Monday, July 12, 2010


JSH: Trying to be fair

I point out how I use Usenet as I think it's the right thing to do. Posters may order me to behave a certain way and I'm not going to do it. But at least I can let you know what my methodology is. And yes, insults do fly at times, but I get insulted a lot, and I insult back, or I don't. But I also am dealing with what I can prove is the recalcitrance of people who have broken their own rules, refused published proof—killing a mathematical journal no less—who are relying on flawed math for their livelihoods, or for their delusions of value in their own "research".

Social structures can be powerful.

It doesn't mean they are right about mathematics.

Time is the best judge.

As time has gone by I've been privileged to watch new technologies render hostiles who inflict verbal abuse upon me—shift it to Google, as they proclaim Google search results mean nothing.

Why? Because I've seen my research rise in Google search results, and rise in search results across search engines, so for them, there is no choice, I guess. You might think the truth is a choice. I thought so too but then again, years ago I thought all kinds of things before learning better.

People can quite deliberately choose to be wrong. And ignore all evidence.

I try to be fair. I have the best seat in the house. For me it is a world away from where I was years ago arguing on this newsgroup, wondering if I'd ever find anything valuable. Hurting from my failures, questioning myself, wondering why I bothered, or couldn't just stop. Wondering why there were people who wanted to say so many nasty things to me—night and day, day and night.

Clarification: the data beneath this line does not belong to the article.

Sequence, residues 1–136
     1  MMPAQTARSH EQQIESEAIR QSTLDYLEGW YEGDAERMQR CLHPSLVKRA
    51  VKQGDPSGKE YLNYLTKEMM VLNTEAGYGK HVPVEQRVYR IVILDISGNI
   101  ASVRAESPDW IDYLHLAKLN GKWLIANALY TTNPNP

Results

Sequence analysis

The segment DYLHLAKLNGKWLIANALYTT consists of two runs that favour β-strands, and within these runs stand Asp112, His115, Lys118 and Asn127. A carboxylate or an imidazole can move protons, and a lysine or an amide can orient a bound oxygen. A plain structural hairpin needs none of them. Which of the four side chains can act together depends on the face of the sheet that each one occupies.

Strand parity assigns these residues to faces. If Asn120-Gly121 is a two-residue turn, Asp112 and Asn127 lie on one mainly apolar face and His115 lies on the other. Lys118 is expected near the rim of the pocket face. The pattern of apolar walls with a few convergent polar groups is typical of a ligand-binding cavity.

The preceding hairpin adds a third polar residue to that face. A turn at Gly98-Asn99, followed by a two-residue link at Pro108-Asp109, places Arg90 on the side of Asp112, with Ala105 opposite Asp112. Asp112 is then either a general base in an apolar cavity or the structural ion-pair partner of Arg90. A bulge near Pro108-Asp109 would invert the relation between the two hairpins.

Then it got harder. I didn't ask the ring of algebraic integers to dispute the field of complex numbers. It did so before I was born. It can't help doing so, it will do so until the end of time. To me, the refusal to accept that is so much about how our world can have so many problems that are solvable as people who are invested in being wrong do not care about the correct answer.

If mathematicians can sit back, and keep doing what they're doing when it's EASY to show a deep error, and an astounding conflict between ideas, then there is no puzzle about how people in harder areas to find truth can do so many of the things they do.

The truth will not change.

There is a sadness though when you see people who have invested so much in error when it wasn't their fault, who decide that they'd rather be wrong when the error is revealed—they did not know before but how can they continue in error after?—and I'm not the best person though to appreciate that feeling as of course I can say the above knowing that my job was to show that error. Knowing that I get to be right.

So I get to be the lucky guy, right? So lucky. Petty arguments don't change much for me.

But what I can do is warn you. There is no reason to argue with me to make your place in history as one of my foils. I have a method that I've used for years. It is honed by years of practice.

Denial of that reality does not change what happens.

It merely give me more people willing to work to insult me for a while, but work them I do. I think a lot of them actually don't do a bad job. But at the same time to be fair I need it out there so this message is like so many before explaining that I use Usenet.

You have been told yet again.

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